“Being the only African American baseball player in the SEC Eastern Division at the time, I could have been offended. Instead, I proceeded to steal second base and third base on consecutive pitches. When I arrived at third base, I bowed to the crowd,” he said. “After the game, the opposing team presented me with a baseball cap and shirt from their school that I still have to this day. I learned a valuable lesson: When in a challenging environment, believe in yourself and perform to the best of your ability. In the end, those who are good people at heart will appreciate you.”

DeFrance attributes much of his success within VUPS to his “fantastic” leadership team and the 150 police officers and community service officers who work hard to create and maintain a safe and secure environment for VUMC’s health care professionals.

“Director DeFrance exemplifies the VUPS commitment to service,” according to a colleague. “His expertise in safety and security operations within a medical center setting is truly world-class. Each and every day he addresses his responsibility as a leader with the same attitude and team spirit that he displayed as a student-athlete. He is an exemplary leader and mentor.”

Yasmine Mukahal: Diversity recruitment manager shares passion for helping others through community involvement

Yasmine Mukahal, diversity recruitment manager in Human Capital and Business Services, describes her passion as helping people, whether by connecting talent with the right job opportunities or serving in the local community.

Mukahal’s commitment to service began when she joined the YWCA Junior Board Committee. The experience gave her an appreciation for how local nonprofits seek to improve the quality of life for community members. Currently, Mukahal serves on the boards of the Faith and Culture Center, the YWCA, Friends of the Children’s Hospital, the Tennessee Immigrant and Refugee Rights Coalition, the Islamic Center of Nashville, the Millions of Conversations campaign and tnAchieves.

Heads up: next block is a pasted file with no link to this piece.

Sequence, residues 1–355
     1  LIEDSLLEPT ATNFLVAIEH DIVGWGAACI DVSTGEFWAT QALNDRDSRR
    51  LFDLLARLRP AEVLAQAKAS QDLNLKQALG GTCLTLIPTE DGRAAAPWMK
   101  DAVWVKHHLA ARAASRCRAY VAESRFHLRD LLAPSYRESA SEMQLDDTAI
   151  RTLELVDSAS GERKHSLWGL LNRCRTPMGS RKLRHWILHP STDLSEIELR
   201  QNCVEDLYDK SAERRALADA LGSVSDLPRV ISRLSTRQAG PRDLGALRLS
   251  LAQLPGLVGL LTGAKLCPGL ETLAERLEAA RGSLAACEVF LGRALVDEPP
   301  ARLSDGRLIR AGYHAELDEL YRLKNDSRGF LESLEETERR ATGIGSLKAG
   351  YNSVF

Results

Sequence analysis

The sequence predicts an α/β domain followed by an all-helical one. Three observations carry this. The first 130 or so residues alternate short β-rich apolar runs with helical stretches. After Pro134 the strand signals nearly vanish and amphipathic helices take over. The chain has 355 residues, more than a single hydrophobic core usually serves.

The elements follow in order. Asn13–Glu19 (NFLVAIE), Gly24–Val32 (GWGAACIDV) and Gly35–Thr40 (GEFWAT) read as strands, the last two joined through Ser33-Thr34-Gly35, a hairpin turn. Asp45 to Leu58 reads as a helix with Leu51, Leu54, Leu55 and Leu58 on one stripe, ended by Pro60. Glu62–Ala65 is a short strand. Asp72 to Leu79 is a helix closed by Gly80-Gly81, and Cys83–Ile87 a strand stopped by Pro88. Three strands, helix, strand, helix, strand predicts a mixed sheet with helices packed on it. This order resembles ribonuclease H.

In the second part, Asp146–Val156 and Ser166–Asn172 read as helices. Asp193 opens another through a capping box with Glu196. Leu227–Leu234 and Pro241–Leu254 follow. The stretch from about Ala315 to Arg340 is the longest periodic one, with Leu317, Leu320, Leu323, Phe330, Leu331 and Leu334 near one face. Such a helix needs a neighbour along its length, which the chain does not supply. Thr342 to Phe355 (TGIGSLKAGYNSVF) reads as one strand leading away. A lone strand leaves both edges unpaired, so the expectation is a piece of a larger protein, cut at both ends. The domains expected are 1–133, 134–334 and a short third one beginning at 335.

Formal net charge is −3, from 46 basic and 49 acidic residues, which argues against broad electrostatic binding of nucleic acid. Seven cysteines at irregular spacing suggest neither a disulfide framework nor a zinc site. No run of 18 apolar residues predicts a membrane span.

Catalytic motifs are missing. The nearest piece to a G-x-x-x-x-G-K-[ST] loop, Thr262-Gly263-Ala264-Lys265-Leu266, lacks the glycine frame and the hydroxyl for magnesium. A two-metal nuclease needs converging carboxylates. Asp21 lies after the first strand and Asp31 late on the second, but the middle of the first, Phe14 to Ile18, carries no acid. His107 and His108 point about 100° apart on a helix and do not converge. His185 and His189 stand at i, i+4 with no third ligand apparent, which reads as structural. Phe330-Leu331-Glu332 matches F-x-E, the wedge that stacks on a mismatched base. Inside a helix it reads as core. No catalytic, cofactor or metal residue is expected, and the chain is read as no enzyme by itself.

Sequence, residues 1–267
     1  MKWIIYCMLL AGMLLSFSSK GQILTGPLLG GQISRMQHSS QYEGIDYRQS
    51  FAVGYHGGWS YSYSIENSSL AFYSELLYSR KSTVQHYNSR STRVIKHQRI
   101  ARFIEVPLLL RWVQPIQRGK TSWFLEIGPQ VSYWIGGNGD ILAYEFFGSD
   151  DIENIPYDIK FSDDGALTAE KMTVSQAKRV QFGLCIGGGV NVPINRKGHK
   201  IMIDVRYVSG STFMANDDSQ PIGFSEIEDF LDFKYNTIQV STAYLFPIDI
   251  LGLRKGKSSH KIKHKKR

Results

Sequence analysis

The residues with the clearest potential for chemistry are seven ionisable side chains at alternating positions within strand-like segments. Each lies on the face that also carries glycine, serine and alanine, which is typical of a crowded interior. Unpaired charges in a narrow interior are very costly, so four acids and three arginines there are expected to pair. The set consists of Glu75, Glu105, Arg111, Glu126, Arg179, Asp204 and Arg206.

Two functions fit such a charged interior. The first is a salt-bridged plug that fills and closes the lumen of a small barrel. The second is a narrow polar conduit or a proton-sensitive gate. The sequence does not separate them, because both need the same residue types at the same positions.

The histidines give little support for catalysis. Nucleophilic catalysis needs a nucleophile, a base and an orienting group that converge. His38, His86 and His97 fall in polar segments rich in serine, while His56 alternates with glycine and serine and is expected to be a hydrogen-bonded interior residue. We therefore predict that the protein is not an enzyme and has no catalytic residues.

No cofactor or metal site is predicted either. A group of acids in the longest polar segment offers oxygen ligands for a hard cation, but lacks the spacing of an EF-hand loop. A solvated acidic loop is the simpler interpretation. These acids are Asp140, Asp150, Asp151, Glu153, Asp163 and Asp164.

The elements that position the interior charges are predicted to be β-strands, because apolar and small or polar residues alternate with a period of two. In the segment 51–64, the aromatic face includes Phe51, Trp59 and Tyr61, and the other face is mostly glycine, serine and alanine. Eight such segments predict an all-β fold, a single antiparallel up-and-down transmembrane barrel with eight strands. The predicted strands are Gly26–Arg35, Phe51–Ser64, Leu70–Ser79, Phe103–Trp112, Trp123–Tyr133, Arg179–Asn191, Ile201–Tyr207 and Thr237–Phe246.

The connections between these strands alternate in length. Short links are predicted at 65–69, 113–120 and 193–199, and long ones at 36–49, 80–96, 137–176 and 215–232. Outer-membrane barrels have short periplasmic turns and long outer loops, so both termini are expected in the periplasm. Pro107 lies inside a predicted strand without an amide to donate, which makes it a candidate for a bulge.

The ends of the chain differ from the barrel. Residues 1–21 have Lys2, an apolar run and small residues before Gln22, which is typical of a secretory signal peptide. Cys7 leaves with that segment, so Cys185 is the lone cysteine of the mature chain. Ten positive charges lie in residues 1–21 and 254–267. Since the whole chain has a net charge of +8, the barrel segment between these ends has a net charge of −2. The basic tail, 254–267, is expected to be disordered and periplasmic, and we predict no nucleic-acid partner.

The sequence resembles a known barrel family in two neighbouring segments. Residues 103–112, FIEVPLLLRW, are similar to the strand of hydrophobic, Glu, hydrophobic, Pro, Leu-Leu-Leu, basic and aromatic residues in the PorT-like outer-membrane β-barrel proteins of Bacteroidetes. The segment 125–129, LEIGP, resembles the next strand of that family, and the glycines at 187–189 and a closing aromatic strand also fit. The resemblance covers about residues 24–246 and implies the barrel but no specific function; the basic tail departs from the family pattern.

Mukahal’s involvement in many diversity and women-focused organizations outside of work has helped expand Vanderbilt Human Capital’s reach into the community, a colleague noted. Her commitment has earned her nominations for the Nashville Business Journal’s Women of Influence and 40 under 40 awards.

“Yasmine’s impact goes beyond her day-to-day work in so many exciting ways as she represents the talent team, People & Business Services, the division, and the university with community organizations, prospective employees, and others,” a colleague stated. “Her efforts contribute in supporting the university as it works hard to not only be an employer of choice, but to also, focus on recruiting and retaining the best talent. She is a consummate team player and always ready to step up, learn, and help her colleagues inside our team and across campus.”

Mukahal exemplifies the university’s divisional and institutional values through her service to others, both at Vanderbilt and beyond.

Office of the Vice Chancellor for Administration

Vanderbilt University, 421 Kirkland Hall , Nashville, TN 37240

Vanderbilt University is committed to principles of equal opportunity and affirmative action.
Vanderbilt®, Vanderbilt University®, V Oak Leaf Design®, Star V Design® and Anchor Down® are trademarks of The Vanderbilt University. ©2022 Vanderbilt University. All rights reserved.